The nation’s fourth largest cable operator, Charter Communications INC., has announced its plans to file a prearranged Chapter 11 bankruptcy by April 1st of this year. Charter’s largest shareholder and co-founder of Microsoft, Paul Allen, says he has reached an agreement with certain debt holders to reduce the company’s debt by $8 billion in exchange for a combination of new debt and cash as well as other factors. University of South Carolina School of Law Professor Lewis Burke says that Chapter 11 cases exist to allow a company to restructure itself. Burke also says to file for Chapter 11, a good relationship between the company and its creditors is necessary.
“Chapter 11s are usually used by businesses and very wealthy individuals to reorganize,” says Burke. “Those are sometimes successful, sometimes not depending on how good a plan they have to reorganize the business and how much cooperation they have with their creditors. The creditors have a great deal of control over whether the bankruptcy goes forward and the reorganization works.”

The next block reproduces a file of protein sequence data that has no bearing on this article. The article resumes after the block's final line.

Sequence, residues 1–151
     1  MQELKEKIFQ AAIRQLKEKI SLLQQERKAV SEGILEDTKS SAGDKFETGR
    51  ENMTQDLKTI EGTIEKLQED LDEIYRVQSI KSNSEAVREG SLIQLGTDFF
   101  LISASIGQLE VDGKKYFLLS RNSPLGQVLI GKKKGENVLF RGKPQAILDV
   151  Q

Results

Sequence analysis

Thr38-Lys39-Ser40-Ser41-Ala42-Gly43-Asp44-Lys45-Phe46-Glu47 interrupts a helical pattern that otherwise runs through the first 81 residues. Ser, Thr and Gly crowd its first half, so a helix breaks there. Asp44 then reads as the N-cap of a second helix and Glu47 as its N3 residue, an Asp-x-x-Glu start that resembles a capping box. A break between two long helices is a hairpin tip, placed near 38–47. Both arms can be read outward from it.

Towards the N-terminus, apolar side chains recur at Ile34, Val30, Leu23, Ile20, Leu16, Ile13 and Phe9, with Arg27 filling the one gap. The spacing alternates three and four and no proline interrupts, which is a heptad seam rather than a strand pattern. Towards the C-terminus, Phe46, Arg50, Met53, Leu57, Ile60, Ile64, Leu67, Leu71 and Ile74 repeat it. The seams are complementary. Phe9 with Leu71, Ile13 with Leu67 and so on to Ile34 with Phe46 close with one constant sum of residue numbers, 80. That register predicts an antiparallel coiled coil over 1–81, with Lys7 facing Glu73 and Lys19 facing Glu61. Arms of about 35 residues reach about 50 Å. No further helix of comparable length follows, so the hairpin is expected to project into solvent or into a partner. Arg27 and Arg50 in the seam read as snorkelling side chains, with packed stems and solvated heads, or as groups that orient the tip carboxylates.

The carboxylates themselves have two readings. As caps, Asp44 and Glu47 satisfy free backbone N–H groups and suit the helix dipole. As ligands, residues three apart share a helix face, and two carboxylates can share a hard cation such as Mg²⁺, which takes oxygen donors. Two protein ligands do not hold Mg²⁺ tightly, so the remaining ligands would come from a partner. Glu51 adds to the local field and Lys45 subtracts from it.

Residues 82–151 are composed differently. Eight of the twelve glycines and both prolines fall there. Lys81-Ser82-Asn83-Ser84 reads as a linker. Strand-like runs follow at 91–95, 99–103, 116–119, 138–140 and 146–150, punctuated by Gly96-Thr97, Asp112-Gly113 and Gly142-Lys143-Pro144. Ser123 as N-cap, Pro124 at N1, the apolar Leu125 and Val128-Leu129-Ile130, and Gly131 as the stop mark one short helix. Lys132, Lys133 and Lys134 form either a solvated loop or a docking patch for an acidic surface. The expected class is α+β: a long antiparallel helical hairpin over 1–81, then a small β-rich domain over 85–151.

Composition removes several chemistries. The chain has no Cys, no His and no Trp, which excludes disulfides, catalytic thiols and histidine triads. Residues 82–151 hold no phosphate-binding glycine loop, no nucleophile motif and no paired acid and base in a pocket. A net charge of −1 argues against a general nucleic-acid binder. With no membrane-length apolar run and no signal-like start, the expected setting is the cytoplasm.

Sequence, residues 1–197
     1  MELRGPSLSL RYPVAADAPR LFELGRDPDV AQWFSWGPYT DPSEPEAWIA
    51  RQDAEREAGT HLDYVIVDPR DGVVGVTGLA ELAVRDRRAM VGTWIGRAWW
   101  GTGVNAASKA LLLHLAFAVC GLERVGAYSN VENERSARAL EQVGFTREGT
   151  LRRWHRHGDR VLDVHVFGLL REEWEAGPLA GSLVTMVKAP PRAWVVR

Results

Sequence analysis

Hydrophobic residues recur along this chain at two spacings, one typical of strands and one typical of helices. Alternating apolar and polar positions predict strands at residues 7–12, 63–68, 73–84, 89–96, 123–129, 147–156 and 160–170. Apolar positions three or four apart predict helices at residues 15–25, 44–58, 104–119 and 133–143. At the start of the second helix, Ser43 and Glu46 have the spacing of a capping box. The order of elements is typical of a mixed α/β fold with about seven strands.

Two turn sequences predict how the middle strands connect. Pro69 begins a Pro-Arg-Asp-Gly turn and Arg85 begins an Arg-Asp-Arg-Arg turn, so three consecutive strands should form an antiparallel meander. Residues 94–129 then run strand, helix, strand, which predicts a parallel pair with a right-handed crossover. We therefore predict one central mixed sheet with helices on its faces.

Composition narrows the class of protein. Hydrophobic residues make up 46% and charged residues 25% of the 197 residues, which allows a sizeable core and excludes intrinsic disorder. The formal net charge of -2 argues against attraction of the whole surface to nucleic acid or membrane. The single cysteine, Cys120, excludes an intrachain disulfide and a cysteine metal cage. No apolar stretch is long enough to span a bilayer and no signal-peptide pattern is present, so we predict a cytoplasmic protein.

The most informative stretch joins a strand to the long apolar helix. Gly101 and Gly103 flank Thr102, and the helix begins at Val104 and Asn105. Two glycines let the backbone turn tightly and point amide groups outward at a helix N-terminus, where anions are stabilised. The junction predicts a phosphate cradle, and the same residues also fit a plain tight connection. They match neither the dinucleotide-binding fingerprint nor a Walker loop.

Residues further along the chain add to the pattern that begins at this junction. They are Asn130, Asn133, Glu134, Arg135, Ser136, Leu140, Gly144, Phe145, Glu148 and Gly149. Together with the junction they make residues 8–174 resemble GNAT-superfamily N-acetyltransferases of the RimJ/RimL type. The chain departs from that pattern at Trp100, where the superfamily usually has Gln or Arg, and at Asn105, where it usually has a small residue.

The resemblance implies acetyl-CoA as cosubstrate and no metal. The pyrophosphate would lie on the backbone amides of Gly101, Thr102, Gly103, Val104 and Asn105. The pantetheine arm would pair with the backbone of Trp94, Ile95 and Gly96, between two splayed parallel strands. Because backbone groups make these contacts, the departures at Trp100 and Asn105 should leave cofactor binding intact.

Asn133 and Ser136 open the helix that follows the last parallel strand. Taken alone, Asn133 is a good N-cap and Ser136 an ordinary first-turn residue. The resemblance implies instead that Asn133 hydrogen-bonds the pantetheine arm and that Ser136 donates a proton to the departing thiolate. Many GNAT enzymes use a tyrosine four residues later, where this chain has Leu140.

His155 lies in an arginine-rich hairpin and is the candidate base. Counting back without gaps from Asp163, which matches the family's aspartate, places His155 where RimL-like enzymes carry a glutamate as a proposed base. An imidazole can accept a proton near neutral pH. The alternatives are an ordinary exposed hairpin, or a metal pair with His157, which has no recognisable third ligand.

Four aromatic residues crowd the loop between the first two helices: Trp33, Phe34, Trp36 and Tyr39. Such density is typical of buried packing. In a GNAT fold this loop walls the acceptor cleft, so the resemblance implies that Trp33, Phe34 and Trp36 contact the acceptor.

Burke also says Chapter 11 allows the company to continue to operate unlike other types of bankruptcies. “The contrast between a (Chapter 11) and a Chapter 7…a Chapter 7 is the liquidation in which the assets of the business or an individual are sold to satisfy the creditor and in the case of a corporation they simply go out of business,” he says.
When filing for Chapter 11, there is a process according to Burke, including “approval by a creditor’s committee as well as approval by the court.”
Paul Allen will maintain the largest voting interest in Charter. He has invested nearly $7 billion into the company.